A growing trend that caught my hair on fire and damaged my desire to gather an ever increasing number of applications to my Apple gadgets is the subscription model. I am not a happy customer.
Trend vs. Backlash
Apple’s App Store model has created a method for app developers to market their wares to a growing customer base, whether Mac, iPhone, or iPad. Microsoft has something similar for Windows PC users, and Google has the Play Store for Android users.
We live in an app-centric world these days and the latest trend is toward application subscriptions where we pay for usage by the month or the year. I am not a happy customer and I see an app subscription apocalypse on the way.
Do the math.
Applications that used to have a price tag that lasted forever are an endangered species. Apps that had a price tag and an upgrade price every few years are an endangered species, too, as both are being replaced by the monthly or annual subscription racket.
What caught my hair on fire is what happened to one of my favorite apps that somehow mirrors what both Microsoft and Adobe did to their customer base. I loved SSH Shell because it was a simple, elegant, and more usable Terminal.app for the Mac. Now it’s a subscription and the price tag does not fit into my application budget which is burgeoning with monthly payments.
I checked Settings on my iPhone and found I have almost two dozen subscription apps, which, when the amounts are added together, exceed the entire amount I spent on applications for all devices– Mac, iPhone, and iPad– just a year ago.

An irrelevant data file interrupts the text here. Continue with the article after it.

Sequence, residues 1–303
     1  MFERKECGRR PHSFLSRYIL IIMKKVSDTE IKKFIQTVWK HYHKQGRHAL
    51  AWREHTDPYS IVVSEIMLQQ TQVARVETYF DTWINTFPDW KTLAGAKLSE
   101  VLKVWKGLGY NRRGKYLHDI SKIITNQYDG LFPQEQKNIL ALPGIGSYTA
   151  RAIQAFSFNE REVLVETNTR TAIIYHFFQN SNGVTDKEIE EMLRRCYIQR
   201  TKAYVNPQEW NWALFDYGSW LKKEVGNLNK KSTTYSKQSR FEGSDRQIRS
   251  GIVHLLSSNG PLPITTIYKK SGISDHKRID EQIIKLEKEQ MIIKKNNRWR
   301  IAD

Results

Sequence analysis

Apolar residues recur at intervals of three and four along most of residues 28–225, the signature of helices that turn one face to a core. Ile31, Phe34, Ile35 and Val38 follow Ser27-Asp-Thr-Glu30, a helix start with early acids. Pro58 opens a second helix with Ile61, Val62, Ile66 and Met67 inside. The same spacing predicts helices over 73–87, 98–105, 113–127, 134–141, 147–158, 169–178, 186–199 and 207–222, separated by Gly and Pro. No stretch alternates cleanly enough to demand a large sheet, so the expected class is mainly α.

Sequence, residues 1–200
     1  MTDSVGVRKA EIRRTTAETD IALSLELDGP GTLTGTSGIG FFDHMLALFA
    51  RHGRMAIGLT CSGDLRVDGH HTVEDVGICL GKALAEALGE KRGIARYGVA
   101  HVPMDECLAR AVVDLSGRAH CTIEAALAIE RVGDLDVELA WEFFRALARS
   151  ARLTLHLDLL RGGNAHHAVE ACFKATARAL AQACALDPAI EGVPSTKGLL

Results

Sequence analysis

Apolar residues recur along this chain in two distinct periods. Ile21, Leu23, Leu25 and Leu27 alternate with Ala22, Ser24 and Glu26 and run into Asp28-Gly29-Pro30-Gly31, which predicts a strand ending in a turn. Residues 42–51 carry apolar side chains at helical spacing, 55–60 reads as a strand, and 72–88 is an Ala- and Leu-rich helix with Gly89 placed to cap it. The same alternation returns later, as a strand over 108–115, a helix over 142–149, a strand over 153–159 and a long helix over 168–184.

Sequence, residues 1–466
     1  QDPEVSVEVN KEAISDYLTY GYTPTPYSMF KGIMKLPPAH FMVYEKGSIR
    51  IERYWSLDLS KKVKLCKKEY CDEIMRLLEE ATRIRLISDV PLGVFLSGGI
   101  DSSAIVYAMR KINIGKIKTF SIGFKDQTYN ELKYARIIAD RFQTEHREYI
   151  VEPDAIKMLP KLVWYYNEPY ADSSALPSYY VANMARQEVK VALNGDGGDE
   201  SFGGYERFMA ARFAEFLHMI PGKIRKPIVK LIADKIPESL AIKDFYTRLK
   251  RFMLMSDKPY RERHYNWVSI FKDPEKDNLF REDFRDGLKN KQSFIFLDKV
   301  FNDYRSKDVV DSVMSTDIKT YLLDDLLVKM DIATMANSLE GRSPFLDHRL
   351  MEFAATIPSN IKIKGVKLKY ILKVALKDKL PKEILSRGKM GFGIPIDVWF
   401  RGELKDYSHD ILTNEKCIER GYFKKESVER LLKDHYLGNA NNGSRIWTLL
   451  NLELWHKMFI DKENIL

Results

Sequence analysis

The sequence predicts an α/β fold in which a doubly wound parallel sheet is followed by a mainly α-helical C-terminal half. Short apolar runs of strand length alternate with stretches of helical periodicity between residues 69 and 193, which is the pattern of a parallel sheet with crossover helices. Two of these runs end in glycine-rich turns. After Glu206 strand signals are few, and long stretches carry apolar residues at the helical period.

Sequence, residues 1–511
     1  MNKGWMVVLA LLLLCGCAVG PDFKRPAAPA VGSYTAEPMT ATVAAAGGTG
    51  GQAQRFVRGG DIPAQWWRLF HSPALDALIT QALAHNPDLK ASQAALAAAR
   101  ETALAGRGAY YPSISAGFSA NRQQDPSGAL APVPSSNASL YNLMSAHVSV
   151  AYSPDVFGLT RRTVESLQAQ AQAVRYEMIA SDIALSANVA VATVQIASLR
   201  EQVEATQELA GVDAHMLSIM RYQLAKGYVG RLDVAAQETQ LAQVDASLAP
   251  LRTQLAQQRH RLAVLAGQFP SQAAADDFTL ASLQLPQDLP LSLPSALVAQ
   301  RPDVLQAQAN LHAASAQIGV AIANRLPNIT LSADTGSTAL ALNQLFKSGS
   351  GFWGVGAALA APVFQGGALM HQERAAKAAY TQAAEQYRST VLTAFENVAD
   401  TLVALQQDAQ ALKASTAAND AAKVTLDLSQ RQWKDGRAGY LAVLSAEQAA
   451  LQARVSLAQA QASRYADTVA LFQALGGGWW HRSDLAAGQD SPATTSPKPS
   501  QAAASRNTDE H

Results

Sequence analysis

What’s the coming apocalypse?
No, it’s not the trend toward subscriptions. That will stick around. What will happen is obvious. I won’t be using as many applications because I cannot afford as many subscription apps with rental fees as I could apps that came with a price tag (including upgrades every few years). In every case I can see with the few dozen subscription apps I have now, plus those I would like to have but must reconsider, the app subscription price tag is far higher than the previous price (including upgrades).
Adobe is the perfect example. I once bought the Adobe packages (Photoshop, Illustrator, InDesign, Premiere, Audition, and others) and then upgraded– with a hefty price tag– every two or three years. Sometimes the upgrade would total $400 to $600. Today’s subscription price tag for Adobe Creative Cloud apps can be as high as $1,800 for 36 months.
How is that not a price increase of 200-percent?
Yet, I see the same trend elsewhere with subscription apps– which, when the monthly or annual fee is added up over a few years– substantially higher than when the app was available for purchase.
I want application developers to make money so they can stay in business and continue to provide upgrades. But thanks to the price increases that came with the subscription model I can no longer afford to use as many applications as I did just a year ago.